A Texas jury on Friday ordered far-right conspiracy theorist Alex Jones to pay $45.2mn in punitive damages in a lawsuit brought by the parents of a child who was killed in the 2012 Sandy Hook school shooting.
The additional damages come a day after the same jury awarded $4.1mn in compensatory damages to Scarlett Lewis and Neil Heslin, and brings the total amount to be paid to nearly $50mn, although that could be reduced as Texas state law caps non-economic damages.
Jones, a far-right media firebrand, has courted controversy for years on InfoWars, his website and radio show. The Sandy Hook cases pose the first significant financial threat to Jones and his company — which together are estimated to be worth as much as $270mn, according to an expert witness who testified on behalf of the parents.
Wesley Ball, a lawyer for the parents, on Friday urged jurors to “send a message” with their punitive damages award: “Stop Alex Jones, stop the monetisation of misinformation and lies.”
“I ask that with your verdict you not only take Alex Jones’s platform that he talks about away,” Ball added. “I ask that you make certain he can’t rebuild that platform.”
Lewis and Heslin, whose 6-year-old son Jesse Lewis was killed at Sandy Hook, had requested as much as $150mn in damages for emotional torture, saying their lives were made a “living hell” by strangers who sent them death threats and who wrongly believed the couple faked their own child’s death based on Jones’s comments.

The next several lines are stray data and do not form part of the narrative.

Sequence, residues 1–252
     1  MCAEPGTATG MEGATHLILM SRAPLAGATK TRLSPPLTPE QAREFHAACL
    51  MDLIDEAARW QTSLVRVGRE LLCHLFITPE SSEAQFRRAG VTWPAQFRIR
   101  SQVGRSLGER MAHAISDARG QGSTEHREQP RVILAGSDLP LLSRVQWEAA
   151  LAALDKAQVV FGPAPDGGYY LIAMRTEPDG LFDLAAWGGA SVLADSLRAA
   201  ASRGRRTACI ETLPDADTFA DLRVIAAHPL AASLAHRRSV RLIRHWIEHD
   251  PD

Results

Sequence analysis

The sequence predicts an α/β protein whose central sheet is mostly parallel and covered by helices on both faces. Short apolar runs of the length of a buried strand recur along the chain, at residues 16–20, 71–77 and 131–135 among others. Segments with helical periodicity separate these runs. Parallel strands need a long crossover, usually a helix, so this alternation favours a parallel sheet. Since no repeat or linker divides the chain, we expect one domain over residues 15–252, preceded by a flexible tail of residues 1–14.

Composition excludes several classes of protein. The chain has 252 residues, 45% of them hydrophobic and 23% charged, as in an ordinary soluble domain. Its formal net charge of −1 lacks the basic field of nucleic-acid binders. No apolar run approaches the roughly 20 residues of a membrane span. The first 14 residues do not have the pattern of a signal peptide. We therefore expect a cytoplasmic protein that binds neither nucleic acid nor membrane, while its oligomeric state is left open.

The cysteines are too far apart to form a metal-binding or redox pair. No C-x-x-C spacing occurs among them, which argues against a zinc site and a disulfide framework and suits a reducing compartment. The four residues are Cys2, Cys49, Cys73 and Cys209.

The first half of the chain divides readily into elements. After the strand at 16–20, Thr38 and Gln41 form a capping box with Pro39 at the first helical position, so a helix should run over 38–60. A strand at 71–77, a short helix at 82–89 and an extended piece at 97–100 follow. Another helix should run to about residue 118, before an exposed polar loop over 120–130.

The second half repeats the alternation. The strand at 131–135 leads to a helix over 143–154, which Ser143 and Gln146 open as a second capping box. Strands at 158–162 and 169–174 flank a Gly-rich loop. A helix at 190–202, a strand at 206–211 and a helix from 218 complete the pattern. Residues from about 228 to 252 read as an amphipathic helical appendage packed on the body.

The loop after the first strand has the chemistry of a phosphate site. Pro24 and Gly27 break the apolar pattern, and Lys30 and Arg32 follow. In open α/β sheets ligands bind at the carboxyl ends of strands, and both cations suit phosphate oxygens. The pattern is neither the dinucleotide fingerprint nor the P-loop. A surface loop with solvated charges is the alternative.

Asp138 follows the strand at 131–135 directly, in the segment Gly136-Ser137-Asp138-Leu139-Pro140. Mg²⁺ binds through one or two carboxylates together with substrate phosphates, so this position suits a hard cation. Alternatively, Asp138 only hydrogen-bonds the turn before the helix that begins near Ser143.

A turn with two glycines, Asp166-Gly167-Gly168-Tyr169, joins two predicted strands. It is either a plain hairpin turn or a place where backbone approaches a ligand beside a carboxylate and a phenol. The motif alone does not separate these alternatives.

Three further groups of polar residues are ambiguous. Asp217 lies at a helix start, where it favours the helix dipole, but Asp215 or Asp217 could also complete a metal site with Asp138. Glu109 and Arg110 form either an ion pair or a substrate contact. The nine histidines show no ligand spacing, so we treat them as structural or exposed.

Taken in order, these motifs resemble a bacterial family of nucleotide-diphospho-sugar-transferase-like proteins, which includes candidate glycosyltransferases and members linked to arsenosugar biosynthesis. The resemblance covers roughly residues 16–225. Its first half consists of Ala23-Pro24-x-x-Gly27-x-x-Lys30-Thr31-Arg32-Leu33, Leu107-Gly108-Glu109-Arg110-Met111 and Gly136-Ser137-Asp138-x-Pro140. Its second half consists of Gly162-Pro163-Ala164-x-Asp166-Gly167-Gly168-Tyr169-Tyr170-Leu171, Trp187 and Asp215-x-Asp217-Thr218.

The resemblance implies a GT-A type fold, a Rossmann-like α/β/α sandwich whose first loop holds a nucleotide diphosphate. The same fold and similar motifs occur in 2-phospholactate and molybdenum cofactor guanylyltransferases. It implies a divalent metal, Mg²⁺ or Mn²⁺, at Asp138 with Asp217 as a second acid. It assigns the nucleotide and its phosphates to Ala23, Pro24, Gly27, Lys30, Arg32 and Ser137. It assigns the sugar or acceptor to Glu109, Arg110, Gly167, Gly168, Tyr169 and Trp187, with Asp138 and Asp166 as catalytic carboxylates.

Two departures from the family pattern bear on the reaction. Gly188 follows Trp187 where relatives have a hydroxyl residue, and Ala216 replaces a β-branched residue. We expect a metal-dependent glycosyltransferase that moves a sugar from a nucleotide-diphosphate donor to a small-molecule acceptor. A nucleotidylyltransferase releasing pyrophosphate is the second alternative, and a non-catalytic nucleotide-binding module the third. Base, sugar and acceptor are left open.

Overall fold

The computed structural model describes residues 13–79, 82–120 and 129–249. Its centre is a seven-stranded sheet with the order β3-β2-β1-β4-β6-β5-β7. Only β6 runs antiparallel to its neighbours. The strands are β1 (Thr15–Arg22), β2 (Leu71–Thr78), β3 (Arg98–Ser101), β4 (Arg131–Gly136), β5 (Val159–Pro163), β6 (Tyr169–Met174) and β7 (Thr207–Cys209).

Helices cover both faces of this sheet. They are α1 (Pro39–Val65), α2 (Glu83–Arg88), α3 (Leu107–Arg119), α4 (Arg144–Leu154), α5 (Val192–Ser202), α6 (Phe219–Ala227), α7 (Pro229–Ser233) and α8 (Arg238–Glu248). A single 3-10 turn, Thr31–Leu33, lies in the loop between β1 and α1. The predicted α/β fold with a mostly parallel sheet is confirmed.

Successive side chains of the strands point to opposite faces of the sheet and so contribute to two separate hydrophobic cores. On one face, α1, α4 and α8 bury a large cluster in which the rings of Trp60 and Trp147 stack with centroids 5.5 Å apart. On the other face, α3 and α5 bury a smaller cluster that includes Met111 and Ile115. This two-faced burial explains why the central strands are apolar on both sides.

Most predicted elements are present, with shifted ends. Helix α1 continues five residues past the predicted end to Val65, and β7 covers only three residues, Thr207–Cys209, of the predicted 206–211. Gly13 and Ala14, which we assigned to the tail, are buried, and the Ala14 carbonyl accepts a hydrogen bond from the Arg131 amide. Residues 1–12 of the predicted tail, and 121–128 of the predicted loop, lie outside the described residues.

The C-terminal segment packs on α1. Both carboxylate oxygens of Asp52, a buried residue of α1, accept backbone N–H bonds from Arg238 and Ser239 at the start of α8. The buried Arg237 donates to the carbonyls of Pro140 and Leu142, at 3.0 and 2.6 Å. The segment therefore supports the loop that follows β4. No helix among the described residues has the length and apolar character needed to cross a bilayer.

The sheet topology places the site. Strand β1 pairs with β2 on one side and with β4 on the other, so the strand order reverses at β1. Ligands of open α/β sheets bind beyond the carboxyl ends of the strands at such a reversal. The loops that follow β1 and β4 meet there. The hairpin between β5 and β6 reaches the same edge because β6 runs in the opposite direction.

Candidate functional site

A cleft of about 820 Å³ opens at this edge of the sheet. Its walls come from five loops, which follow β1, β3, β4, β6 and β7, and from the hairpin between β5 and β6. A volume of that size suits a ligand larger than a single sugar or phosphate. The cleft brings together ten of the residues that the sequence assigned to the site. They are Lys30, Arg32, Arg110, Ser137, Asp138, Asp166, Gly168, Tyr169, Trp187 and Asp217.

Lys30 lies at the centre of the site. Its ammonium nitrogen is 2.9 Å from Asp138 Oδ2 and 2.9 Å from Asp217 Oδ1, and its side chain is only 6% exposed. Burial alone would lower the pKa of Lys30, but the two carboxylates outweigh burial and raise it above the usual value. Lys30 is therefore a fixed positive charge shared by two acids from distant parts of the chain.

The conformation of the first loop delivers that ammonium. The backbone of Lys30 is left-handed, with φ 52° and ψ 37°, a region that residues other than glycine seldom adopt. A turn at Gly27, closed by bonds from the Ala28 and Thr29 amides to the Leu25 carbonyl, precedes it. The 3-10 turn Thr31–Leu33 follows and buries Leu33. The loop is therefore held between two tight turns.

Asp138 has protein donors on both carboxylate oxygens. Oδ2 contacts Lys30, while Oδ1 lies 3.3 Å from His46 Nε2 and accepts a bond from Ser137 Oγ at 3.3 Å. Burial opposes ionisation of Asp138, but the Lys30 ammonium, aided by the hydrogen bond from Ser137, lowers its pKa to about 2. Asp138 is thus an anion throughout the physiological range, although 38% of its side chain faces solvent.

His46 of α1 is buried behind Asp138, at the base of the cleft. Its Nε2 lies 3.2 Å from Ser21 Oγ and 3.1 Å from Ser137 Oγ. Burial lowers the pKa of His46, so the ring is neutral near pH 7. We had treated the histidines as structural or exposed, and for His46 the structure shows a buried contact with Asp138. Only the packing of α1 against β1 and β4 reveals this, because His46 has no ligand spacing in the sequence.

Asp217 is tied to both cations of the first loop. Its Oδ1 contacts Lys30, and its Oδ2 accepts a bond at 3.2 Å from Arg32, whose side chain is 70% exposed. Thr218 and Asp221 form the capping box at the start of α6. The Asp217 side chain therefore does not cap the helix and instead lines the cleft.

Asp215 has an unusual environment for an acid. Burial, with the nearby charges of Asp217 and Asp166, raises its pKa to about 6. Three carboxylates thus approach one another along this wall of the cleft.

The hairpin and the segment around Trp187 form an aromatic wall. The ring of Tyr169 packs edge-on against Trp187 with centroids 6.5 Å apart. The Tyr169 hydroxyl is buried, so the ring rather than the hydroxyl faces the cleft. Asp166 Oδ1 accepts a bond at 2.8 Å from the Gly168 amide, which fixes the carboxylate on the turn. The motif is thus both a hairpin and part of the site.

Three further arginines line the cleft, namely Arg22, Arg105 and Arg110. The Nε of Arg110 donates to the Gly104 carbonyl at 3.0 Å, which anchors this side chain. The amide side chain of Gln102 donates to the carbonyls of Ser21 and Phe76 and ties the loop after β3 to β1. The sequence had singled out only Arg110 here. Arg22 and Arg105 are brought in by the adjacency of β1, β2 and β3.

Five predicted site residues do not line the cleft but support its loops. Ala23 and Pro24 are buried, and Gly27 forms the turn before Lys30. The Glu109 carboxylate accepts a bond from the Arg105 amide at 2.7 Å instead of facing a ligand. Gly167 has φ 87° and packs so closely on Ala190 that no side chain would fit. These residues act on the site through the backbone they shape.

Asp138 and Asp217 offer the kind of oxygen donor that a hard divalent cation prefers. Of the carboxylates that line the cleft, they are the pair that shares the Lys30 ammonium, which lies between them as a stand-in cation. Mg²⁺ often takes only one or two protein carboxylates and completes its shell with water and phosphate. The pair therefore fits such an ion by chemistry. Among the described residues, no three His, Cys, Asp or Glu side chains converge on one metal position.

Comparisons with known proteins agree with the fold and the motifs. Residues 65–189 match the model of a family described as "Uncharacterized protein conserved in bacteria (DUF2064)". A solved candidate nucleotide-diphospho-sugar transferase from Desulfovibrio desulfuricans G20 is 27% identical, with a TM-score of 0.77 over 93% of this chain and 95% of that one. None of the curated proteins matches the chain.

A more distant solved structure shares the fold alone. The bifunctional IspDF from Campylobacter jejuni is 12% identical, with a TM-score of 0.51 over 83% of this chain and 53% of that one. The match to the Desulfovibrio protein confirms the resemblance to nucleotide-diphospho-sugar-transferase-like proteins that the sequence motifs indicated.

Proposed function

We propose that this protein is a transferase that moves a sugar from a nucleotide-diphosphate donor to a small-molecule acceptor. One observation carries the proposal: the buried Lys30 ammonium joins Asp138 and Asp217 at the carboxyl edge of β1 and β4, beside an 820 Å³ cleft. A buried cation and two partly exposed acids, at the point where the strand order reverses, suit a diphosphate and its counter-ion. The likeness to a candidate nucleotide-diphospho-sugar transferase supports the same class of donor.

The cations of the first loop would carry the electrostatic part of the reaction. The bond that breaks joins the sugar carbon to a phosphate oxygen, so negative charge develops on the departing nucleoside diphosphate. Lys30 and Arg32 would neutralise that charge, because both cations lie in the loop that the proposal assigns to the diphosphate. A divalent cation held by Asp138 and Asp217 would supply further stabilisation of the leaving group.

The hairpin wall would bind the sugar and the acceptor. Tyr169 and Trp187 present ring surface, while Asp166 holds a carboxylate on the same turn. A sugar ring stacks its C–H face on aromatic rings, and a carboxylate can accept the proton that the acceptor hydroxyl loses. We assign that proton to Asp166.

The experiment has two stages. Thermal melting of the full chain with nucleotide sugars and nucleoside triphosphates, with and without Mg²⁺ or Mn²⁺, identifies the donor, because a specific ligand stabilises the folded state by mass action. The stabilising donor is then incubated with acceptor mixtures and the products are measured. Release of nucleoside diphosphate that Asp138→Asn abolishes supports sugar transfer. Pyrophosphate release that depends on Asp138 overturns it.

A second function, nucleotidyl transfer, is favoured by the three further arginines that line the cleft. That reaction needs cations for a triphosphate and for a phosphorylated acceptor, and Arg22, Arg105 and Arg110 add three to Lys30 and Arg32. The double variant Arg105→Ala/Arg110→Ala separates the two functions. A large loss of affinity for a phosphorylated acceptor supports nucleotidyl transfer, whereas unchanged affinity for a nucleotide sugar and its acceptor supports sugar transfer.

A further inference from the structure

They sued Jones for falsely claiming the 2012 massacre at Sandy Hook Elementary School, where 20 children and six adults were killed, was a hoax staged to justify gun control.
During his testimony, Jones conceded that he had spread falsehoods about the US’s deadliest school shooting, saying it was “100 per cent real” and not a “false flag” operation, as he had long claimed. He also expressed remorse for “unintentionally” hurting people’s feelings.
Jones faces two more trials related to his comments about Sandy Hook. One is being brought in Connecticut by the families of eight victims, and the other will also be in Texas.
Jones, whose content has been banned from big social media platforms for hate speech, commands a large audience of more than 8mn monthly visits, according to data company Similarweb.
Last week, Jones’s Free Speech Systems, the parent of InfoWars, filed for bankruptcy protection in a move potentially meant to limit his financial exposure.
During the proceedings, a lawyer for the plaintiffs disclosed that Jones’s legal team had inadvertently shared two years’ worth of messages from his phone, adding that he had received requests to share the messages with various authorities, including the congressional committee investigating the January 6, 2021 attack on the US Capitol.
On Friday, Judge Maya Guerra Gamble said she would not prevent the plaintiff’s lawyers from sharing the messages with law enforcement or the January 6 congressional committee.
Additional reporting by Alex Barker